Student: You kind of had that kind of shift in "In Society" too.
AG: Well that was a dream.
AG: My recognition of it as poetry was the shift. I had a dream and I wrote it down, and then I looked at that dream when I was preparing a few lines for Williams, and said, "Well, that's pretty funny, and it's real, and it's a weird way of ending such a Kafka-esque nighmare of being in a meaningless institution where old crippled dumb people were bent over sewing and I didn't know what I was doing there, like in a dream - so I went off in search of a toilet.
Student: That wasn't an attempt to tie together similar natures at all?
AG: Well, I wasn't thinking so much of attempting anything. I was just trying to follow my thoughts, rather than attempting to create an effect. Like that thing "Marijuana Notation", which has all this sort of high-class literary self-regardant day-dream - like I was high on grass and all of a sudden shifted and (I) realized it was Christmas and they were singing Christmas carols. Just like on grass. That's why I called it "Marijuana Notation", because it was so typical. I thought it was a perfect example of vast consciousness, of vast shifts of mind, suddenly, that you get when you're high, which seemed to exemplify the way we think anyway, anyhoo - (and so) I sent it to Williams because I realized, "he thinks the way we think" (or, he knows how we think). And so I selected a few things that were just like "real thinks" (rather than attempt to write "poetry"). See, all the attempts to write poetry were [Allen quotes his own "Western Ballad"] - "When I died love, when I died/ my heart was broken in your care/ I never suffered love so fair/ as now I suffer and abide/ when I died, when I died". It was all way out. Pretty, really pretty (and good preparation, because it developed an ear, and now that I'm writing blues (1975), I'm glad that I wrote those early rhymed poems). (But) Empty Mirror is like a good first book, like scratchings, little notations, trying to get some little active line. Not trying to get, but trying to collect out of the things I'd actually written already, sort of skimming off my journals, just a few pieces that were active, a few little realistic notes. The earliest is Denver, 1947 - maybe the best, and the nearest to Williams in a way - called "The Bricklayer's Lunch Hour". This is (from) a 200-page notebook, filled with big long complaints that Neal Cassady wasn't coming home to sleep with me, and that I wasn't making out like I wanted, and did he love me or did I love him?, and what kind of fate did we have together? and theoretical, theosophical, philosophical notions about what was wrong with our relationship, and relationships, and what is relationship, and.. unreadable, totally unreadable!
And one day I looked out the window... [Allen then reads "The Bricklayer's Lunch Hour" in its entirety] - "Two bricklayers are setting the walls/ of a cellar in a new dug out patch of dirt behind an old house of wood/ with brown gables grown over with ivy.."..."Meanwhile it is darkening as if to rain/ and the wind on top of the trees in the/ street comes through almost harshly" - So that was the one moment I got out of myself and looked out, registered what I saw, and the whole homosexual romance that I was going through, anyway, philosophically, comes through underneath. You can feel the slightly erotic sense. And so, by means of the sense of the things I described outside myself, I was able to represent the feelings, as well as clamp the mind down on objects - (precisely) because I wasn't trying that. It was just that I was sick of myself, actually, "allergic to myself" (as was said last night in the giant lecture hall by the bodhisattva [Trungpa]), I was allergic to myself, so I finally just looked outside of the window to see outside of my skull.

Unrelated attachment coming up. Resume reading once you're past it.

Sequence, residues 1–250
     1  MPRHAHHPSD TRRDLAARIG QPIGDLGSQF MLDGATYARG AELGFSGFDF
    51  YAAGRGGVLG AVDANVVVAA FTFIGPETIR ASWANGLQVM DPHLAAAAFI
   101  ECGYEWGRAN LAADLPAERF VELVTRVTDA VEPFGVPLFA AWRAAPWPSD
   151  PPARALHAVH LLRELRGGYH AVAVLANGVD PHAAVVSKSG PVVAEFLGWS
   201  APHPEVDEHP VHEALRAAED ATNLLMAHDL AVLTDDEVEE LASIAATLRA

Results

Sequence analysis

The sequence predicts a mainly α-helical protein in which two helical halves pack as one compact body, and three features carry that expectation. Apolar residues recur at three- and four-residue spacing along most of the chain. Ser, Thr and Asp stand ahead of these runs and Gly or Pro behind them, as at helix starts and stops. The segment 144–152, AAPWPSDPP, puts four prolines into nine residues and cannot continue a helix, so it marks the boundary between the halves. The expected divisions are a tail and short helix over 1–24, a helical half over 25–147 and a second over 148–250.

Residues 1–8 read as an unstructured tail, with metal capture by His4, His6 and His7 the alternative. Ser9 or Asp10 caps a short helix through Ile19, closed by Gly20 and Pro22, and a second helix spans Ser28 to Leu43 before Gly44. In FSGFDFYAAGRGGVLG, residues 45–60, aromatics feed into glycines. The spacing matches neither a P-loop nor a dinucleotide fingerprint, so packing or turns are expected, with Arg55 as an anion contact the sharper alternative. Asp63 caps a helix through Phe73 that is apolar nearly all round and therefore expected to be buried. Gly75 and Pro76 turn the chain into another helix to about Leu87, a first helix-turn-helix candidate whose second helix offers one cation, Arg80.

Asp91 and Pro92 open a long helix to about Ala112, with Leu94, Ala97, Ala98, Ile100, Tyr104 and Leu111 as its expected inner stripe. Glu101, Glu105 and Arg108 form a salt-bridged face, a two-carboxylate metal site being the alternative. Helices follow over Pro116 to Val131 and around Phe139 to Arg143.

Actually, for me, that's sort of a crucial poem, in a sense, that I didn't know then, but, the way I found out was (that) that year I went off in the Merchant Marine, and wrote another big, long, rhapsodic, rhymed poem, "Dakar Doldrums", and then came back to New York and didn't have any place to live and left all my notebooks and clothes at the house of an elegant theological student, (who was also a poet, who had been reading a lot of (Robert) Herrick), and he sneaked a look at my notebooks, the rat, and read all my secrets! - and when I came back, he mentioned to me (the fact) that he (had) read it (my notebook), and I was scared, because I thought now he'll know all about my cowardly private life - but he said there was only one page worth reading! (out of hundreds of pages that I'd been laboring over and weeping, (there was only one page)) that he could read, which was this one page that looked outside). So, actually, I got a teaching from that - simply that, by that response - that he simply told me that everything (I'd written so far) was unreadable except that one thing.
The same thing from Williams. So I sent him these six or seven little fragments, and he wrote back, "These are it!" - or "This is it. How many more of these do you have?. I shall see that you get a book as soon as possible. I'll write an introduction for it". Just total response. Because it apparently hit the nail right on the head. [to be continued...]